Parables and folklore relating to retrocomputing

Triggered by @cjs’ post about The Story of Jack and Jay I thought that there are probably quite a few parables from back in the day which are worth sharing…

On Holy Wars and a Plea For Peace from 1980. C2 says: “This very influential and amusing classic paper introduced the terms LittleEndian and BigEndian and urged people to stop fighting holy wars over which byte ordering was superior. It is still a must-read for anyone who ever has a reason to care about byte ordering.”

The Paging Game from alt.folklore.computers in 1990, introducing The Thing King. More findings from that group collected here.

The Story of Mel from 1983, all about “optimal programming”, in favour when computers were more expensive than programmers.

Any more favourites to share?

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Maybe more an analogy than a fable, the popular illustration of the basic workings of a computer by the example of a clerk and pigeonholes (which eventually translated into the most literal of implementations of the desktop metaphor). The earliest incarnation of the “fable of the clerk and the pigeonholes”, I know, is from the Univac I Manual of Operations (1954) [1], comprehensively depicted by two illustrations found on p.2 and p.6, respectively.

[1] http://bitsavers.org/pdf/univac/univac1/UNIVAC1_Operating_Manual_1954.pdf

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Turing’s paper of 1936 also personifies the computer, for other reasons! But no pictures.

…we avoid introducing the “state of mind” by considering a more physical and definite counterpart of it. It is always possible for the computer to break off from his work, to go away and forget all about it, and later to come back and go on with it. If he does this he must leave a note of instructions (written in some standard form) explaining how the work is to be continued. This note is the counterpart of the “state of mind”. We will suppose that the computer works in such a desultory manner that he never does more than one step at a sitting. The note of instructions must enable him to carry out one step and write the next note. Thus the state of progress of the computation at any stage is completely determined by the note of instructions and the symbols on the tape.

Well, Turing may have been unconvential, which is easily acceptable and of no further notice. But this is no excuse for the use of such language as encountered in “state of mind” (no, putting it in quotation marks won’t help) right in the heyday of behaviorism and B.F. Skinner’s reign! :wink:

So I found another one, the Parable of Computer Residents about Digger, Comrade Command Com and Commander Norton (Monitor Magazine, Apr. 1992):

(However, while it may be retro, this may not be the best example.)

On the other hand, the use of the parable has some tradition in computer science, e.g., this parable given by Dijkstra (ca 1973) on trains, toilets and convenient distances to illustrate N^2 vs N/2 and the virtues of programmers:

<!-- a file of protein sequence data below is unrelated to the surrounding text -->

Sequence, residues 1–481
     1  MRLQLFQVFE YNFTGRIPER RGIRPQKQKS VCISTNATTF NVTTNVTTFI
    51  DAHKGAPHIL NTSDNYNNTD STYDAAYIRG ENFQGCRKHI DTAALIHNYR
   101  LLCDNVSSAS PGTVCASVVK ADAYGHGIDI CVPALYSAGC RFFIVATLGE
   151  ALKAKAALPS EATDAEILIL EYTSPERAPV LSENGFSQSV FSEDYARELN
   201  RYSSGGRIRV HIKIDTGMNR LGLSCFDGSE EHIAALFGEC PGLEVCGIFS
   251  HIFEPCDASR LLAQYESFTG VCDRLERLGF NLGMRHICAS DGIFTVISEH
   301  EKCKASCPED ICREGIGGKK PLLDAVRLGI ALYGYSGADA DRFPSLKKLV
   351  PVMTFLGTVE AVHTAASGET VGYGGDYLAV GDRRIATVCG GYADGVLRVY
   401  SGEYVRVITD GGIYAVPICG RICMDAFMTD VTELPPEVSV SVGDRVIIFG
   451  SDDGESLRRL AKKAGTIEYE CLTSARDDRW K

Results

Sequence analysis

http://www.cs.virginia.edu/~evans/cs655/readings/ewd594.html

Although at the time that this story took place, mankind was not blessed yet with automatic computers, our anonymous man who found this solution deserves to be called the world’s first competent programmer.

I have told the above story to different audiences. Programmers, as a rule, are delighted by it, and managers, invariably, get more and more annoyed as the story progresses; true mathematicians, however, fail to see the point.

By this, the parable becomes some of a parable of its own, thus introducing the recursive parable. (Well, it’s Dijkstra.)

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While not exactly parables, the AI Koans in HAKMEM (MIT AI Lab memos) / the Jargon File may be considered a subtype.

A Selection of AI Koans: https://timo.rinne.ws/misc/mit_jargon.html#x12

See also, https://simple.wikipedia.org/wiki/Hacker_koan

E.g.,

In the days when Sussman was a novice, Minsky once came to him as he sat hacking at the PDP-6.

“What are you doing?”, asked Minsky.

“I am training a randomly wired neural net to play Tic-Tac-Toe” Sussman replied.

“Why is the net wired randomly?”, asked Minsky.

“I do not want it to have any preconceptions of how to play”, Sussman said.

Minsky then shut his eyes.

“Why do you close your eyes?”, Sussman asked his teacher.

“So that the room will be empty.”

At that moment, Sussman was enlightened.

Again, this is a bit of a double-layered affair, since Minsky isn’t just hinting Sussman at a random configuration still being a configuration, but this is also Minsky, who initiated the end of the first boom of neural networks by providing the proof for their intrinsic XOR problem (which was [somewhat; personal musing] overcome by multi-layer networks eventually). While probably not intended by its original reading, as Minsky thoughtfully shut his eyes, there was no network and no preconception, and the (conceptual) room was empty, indeed.

P.S.: Sussman’s TicTac-Toe for the PDP-6 would have been displayed on a Type 340 scope, compare this thread, LIFE - 4 Gosper Glider Guns on PDP-7 Type 340 display

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